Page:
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Jake Shimabukuro: Life On Four Strings

Airs Friday, February 14, 2014 at 9 p.m. on KPBS TV

Above: Jake Shimabukuro performs at the PBS Television Critics Association Winter Press Tour in Pasadena, Calif. on Tuesday, January 15, 2013.

"Jake Shimabukuro: Life On Four Strings" is a compelling portrait of an inspiring and inventive musician whose virtuoso skills on the ukulele have transformed all previous notions of the instrument’s potential. Through intimate conversations with Shimabukuro (pronounced she-ma-BOO-koo-row), "Life On Four Strings" reveals the cultural and personal influences that have shaped the man and the musician.

On the road from Los Angeles to New York to Japan, the film captures the solitary life on tour: the exhilaration of performance, the wonder of newfound fame, the loneliness of separation from home and family. Directed by acclaimed filmmaker Tadashi Nakamura, the film premiered Friday, May 10, 2013 on PBS.

Courtesy of Jim Choi

Jake Shimabukuro visits with children in his old neighborhood in Hawaii.

Courtesy of Merri Cyr

Ukulele virtuoso Jake Shimabukuro.

Courtesy of Jim Choi

Jake Shimabukuro performs at an elementary school.

Courtesy of Merri Cyr

Ukulele virtuoso Jake Shimabukuro.

A 30-something, fourth-generation Japanese American, Shimabukuro was born and raised in Honolulu, the child of parents who both loved music. Shimabukuro’s mother, Carol, played the ukulele and began to teach him at age four, as soon as his fingers were big enough to reach the chords.

“The first time she put it in my hands I was just mesmerized by the sound of the instrument,” he says. “Every time I played the ukulele or heard it I felt so at peace. It just brought me home.” At age 13, when his parents divorced, Shimabukuro found solace in music, retreating to his room for hours. “I just played — it wasn’t practice — I just played,” he recalls.

In those early years, Shimabukuro was interested in playing everything as fast as he could, changing the sound with distortion pedals and amplifiers. But, over time, he came to believe that trying to make the ukulele into something else was disrespectful. He decided that if he were going to manipulate the sound of the instrument he would do it with his hands.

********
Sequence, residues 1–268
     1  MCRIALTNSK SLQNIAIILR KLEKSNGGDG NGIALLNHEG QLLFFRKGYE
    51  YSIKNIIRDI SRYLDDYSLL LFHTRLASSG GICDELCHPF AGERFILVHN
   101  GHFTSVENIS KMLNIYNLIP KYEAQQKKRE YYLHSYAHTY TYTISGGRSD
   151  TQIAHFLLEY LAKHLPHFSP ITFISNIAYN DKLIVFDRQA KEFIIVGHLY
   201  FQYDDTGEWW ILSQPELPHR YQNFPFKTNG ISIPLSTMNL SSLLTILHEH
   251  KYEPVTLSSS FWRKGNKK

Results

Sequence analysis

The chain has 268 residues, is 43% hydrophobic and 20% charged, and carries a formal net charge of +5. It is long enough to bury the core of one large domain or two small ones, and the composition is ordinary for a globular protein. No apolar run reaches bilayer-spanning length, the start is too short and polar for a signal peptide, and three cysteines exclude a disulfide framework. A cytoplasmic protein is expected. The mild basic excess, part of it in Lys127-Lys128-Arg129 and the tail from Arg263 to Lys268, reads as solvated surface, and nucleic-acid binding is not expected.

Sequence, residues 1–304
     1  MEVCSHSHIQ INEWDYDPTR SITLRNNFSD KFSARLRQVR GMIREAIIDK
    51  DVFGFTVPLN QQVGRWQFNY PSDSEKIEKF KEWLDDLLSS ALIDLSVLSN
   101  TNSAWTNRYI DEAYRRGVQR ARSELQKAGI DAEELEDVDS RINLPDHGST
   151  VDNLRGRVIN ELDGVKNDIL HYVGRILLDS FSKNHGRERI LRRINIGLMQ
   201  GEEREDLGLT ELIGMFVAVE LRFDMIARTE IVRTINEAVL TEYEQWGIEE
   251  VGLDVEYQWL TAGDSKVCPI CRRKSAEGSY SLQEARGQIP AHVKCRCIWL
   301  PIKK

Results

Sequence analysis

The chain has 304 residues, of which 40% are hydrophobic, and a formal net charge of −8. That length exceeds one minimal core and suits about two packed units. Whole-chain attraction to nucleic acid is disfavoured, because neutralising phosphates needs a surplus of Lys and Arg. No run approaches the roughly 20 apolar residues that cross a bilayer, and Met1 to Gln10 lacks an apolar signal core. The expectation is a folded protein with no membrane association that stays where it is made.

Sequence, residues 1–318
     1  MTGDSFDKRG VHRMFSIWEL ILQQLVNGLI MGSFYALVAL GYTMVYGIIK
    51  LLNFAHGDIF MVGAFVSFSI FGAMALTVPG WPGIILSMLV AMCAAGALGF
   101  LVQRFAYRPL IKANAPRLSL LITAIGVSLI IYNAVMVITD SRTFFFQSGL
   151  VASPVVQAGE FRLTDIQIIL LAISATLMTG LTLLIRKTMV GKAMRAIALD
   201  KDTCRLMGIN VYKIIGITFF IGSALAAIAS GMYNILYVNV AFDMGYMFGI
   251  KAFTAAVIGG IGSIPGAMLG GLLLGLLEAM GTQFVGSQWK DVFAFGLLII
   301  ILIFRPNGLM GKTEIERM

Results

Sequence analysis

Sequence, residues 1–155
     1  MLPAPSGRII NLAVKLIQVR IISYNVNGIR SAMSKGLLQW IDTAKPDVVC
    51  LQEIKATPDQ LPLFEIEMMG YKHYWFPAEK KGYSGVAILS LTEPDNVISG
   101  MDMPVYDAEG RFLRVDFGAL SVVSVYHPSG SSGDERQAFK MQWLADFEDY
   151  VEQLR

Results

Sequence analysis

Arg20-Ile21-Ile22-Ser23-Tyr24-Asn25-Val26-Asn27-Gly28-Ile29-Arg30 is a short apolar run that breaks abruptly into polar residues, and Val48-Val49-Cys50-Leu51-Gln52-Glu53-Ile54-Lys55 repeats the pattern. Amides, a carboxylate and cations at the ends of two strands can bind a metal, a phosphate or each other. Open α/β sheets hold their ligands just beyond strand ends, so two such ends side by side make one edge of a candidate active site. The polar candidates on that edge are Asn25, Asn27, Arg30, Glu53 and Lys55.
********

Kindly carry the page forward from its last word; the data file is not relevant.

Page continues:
“Once I committed to that path, the way that I approached music changed,” he says. “It wasn’t just about trying to play as fast as I could anymore. It was about letting the instrument breathe. That was when I really started to learn how to utilize space in my music.”

While on tour in New York, Shimabukuro revisits the site in Central Park where a video was made of his soulful rendition of “While My Guitar Gently Weeps.” Uploaded unbeknownst to him, it became one of the first YouTube videos ever to go viral. His career exploded.

In addition to Shimabukuro’s performances at concerts before sold-out crowds — where incredibly one man and one small instrument can hold huge audiences spellbound — the film captures his appearances at schools, providing glimpses of a man at ease with himself and happy to introduce children to the joy of music.

A few months after the devastating tsunami, Shimabukuro accompanies his longtime manager Kasuza Flanagan to her hometown — Sendai, Japan — the epicenter of the tragedy. The healing power of music is made palpably visible as he begins to play for the residents of a shelter. Wrinkled faces soften, eyes close in memory of a long-forgotten tune, toes tap out rhythm — even smiles break through.

Back home in Oahu, Shimabukuro is surrounded by friends and family. Now married to obstetrician Kelly Yamasato and expecting their first child, Shimabukuro ponders his past — and a future he knows is sure to change.

A production of Center for Asian American Media and Pacific Islanders in Communications in association with Paliku Documentary Films. A Co-Presentation of PBS Hawaii.

"Jake Shimabukuro: Life On Four Strings" is on Facebook, and you can follow @jake_movie on Twitter. Jake Shimabukuro is on Facebook, and you can follow @JakeShimabukuro on Twitter.

Jake Shimabukuro: Life on Four Strings - Preview

Enjoy dynamic performances by ukulele virtuoso Jake Shimabukuro, a native of Hawai’i. 5/10/2013

Video

Life On Four Strings: Hiroshima Peace Park

Above: Jake Shimabukuro reflects and plays his ukulele at the Peace Park in Hiroshima, Japan. Footage was taken during the production of "Jake Shimabukuro: Life on Four Strings," the full-length documentary on Jake and his career.

Video

Life On Four Strings: Jake Playing in the Streets of Tokyo

Above: Jake Shimabukuro performing "Me & Shirley T" while on tour in Tokyo. Footage was taken during the production of "Jake Shimabukuro: Life on Four Strings," the full-length documentary on Jake and his career.

Video

Life On Four Strings: Aidan and Jake

Above: 10-year-old Aidan James from Honolulu, Hawai’i talks about his hero Jake Shimabukuro before sharing the stage with him at the historic ‘Iolani Palace. Footage was taken during the production of "Jake Shimabukuro: Life on Four Strings," the full-length documentary on Jake and his career.

Video

Life On Four Strings: Jake's Drum Strum

Above: Jake Shimabukuro explains how playing drums in high school influenced his famous strum on the ukulele. Footage was taken during the production of "Jake Shimabukuro: Life on Four Strings," the full-length documentary on Jake and his career.

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